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Reddit for science communication (UPDATE: now with a link!)

If you’ve dabbled in science communication you’ve likely come across the difference between communicating AT people and communicating WITH people. Or maybe you haven’t. After all, science has historically largely subscribed to the deficit model of teaching: the “general public” is a bunch of people who are empty vessels into which we should pour in knowledge. Want to do science communication? Give a public talk! Write an article for a popular science magazine or for a newspaper! Get interviewed on radio or TV!

These things are all good. I won’t say they aren’t. Science communication can comprise many different methods. But these are all examples of communicating AT people. It’s a one-way street. It’s quite comfortable for the scientist. And it’s not clear that it’s particularly effective. I think that if we as scientists really want to engage the public, we need to start talking WITH people. And this is a lot less comfortable for us.

So in keeping with my taste for things that make me uncomfortable, I’ve recruited a couple colleagues and we’re going to do a Reddit Ask Me Anything (AMA) on Thursday (tommorow!) at 1pm Eastern.

UPDATE: Here’s the link to our Reddit AMA!

reddit

What is Reddit? Apparently, it’s a well-known online place where people post links, comment, and have conversations. I just joined it. I’m obviously late to the party. But there are a LOT of non-scientists on Reddit who are really interested in science. So it’s a good place to start having these conversations.

An AMA is a particular type of Reddit discussion in a Q&A format, where someone (or a handful of people) answer questions on, well, anything. Many famous people have done AMAs, including celebrities, politicians, sports stars, musicians, etc. We are doing our AMA in a subreddit (a section of Reddit) called science which is subscribed to by millions of people. Importantly, the science subreddit is carefully moderated to suppress anti-science comments. Since I work on climate change research, this is a particularly nice feature. How it works is that starting at 8 am Eastern, people (including you!) can post questions for me and my colleagues to answer. Then at 1 pm, we will start answering them. People will hopefully keep posting questions and follow-ups to our answers. And we will have something like a discussion.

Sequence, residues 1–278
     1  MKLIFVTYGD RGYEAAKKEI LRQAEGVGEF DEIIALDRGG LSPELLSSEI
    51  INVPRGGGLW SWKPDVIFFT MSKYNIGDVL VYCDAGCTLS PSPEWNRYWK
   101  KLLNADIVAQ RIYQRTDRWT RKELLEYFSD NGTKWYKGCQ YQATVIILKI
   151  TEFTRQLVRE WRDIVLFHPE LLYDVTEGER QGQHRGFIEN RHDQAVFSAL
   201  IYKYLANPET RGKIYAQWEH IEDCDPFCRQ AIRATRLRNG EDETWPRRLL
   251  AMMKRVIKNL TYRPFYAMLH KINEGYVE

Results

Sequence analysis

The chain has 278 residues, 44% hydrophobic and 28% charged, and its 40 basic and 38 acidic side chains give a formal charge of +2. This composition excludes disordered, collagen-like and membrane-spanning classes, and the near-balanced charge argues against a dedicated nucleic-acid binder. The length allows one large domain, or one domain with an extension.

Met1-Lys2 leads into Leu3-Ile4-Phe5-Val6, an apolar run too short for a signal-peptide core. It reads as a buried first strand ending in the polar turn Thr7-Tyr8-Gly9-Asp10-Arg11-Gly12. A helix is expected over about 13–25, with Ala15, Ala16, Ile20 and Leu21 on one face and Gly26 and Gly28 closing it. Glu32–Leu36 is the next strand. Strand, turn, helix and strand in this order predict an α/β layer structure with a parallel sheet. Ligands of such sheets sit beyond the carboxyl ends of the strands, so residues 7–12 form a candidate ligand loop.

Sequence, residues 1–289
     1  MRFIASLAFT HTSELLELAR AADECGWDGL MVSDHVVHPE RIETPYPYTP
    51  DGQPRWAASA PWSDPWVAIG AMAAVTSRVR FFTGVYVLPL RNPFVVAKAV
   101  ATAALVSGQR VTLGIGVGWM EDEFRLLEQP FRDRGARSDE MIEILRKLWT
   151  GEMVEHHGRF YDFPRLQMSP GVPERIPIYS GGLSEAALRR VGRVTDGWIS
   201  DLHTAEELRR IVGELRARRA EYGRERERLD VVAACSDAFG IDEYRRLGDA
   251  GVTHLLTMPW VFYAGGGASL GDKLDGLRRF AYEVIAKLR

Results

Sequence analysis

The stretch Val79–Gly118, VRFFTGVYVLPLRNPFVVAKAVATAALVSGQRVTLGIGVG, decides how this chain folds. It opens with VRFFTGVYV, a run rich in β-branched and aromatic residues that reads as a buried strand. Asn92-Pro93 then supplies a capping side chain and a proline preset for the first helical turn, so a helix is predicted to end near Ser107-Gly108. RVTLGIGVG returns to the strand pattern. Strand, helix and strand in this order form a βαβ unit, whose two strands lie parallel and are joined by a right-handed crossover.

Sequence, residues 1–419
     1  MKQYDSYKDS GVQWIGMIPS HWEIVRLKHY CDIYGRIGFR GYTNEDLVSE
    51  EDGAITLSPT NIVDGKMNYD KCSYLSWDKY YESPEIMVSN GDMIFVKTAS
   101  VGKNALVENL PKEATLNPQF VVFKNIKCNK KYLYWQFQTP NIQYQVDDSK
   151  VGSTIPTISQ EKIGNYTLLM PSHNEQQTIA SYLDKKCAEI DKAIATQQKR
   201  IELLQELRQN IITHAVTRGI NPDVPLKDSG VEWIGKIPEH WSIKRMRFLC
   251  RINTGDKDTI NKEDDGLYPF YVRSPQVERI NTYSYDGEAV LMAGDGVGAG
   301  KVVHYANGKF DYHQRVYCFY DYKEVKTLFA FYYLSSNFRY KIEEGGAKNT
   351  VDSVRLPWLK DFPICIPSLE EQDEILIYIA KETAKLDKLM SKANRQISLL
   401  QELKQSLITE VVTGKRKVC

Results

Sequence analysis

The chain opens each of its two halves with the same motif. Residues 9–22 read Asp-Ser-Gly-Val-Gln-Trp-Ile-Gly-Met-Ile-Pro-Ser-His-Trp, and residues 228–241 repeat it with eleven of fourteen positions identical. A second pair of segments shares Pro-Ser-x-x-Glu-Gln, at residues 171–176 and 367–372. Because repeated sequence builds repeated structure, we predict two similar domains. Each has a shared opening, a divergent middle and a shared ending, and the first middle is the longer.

So on Thursday, come on over, ask us a question (about anything!), or just lurk and see what’s going on.

Permanent link to this article: http://ecologybits.com/index.php/2016/03/30/reddit-for-science-communication/

2 comments

  1. Jeremy Fox

    This is a great idea, Margaret. You’re right that there are massive numbers of people on Reddit. For instance, every time somebody on Reddit links to a Dynamic Ecology post, we get a huge burst of traffic (many hundreds of views), bigger than we ever get from Twitter or Facebook.

    Curious how you arranged it. Did you just contact someone associated with the relevant subreddit and offer to do it?

    Re: talking with people vs. at them, as you say, there’s a place for both. Many people *like* and *want* to be talked at–that’s why they listen to the radio, attend public lectures, buy popular science books, watch science documentaries, etc. So I don’t think you have to subscribe to the “deficit model” to see those things as worthwhile. As for the relative effectiveness of talking with people vs. at them, well, I guess I’d want to see “effectiveness” defined and measured. One might talk with, or at, different sorts of people about science for all sorts of reasons and with all sorts of goals…

    1. Margaret Kosmala

      “One might talk with, or at, different sorts of people about science for all sorts of reasons and with all sorts of goals…”

      Totally agree. I have a longer post ruminating about this, but I didn’t want to put it in this one.

      “Curious how you arranged it. Did you just contact someone associated with the relevant subreddit and offer to do it?”

      It’s even easier than that. You go to reddit.com/r/science, scroll down and click the orange “Reddit Science AMA Submission Guide”, and then follow the instructions. tl;dr: write out a title, a headline, and a summary; pick a date from the calendar and send a calendar invite to the science reddit email address with your text. Ta da, you’re on the calendar. (And if you do it wrong, like I did the first time, they get in touch with you pretty quickly and tell you what to fix so it goes on right.) After that, all you have to do is log on at the right time and answer questions!

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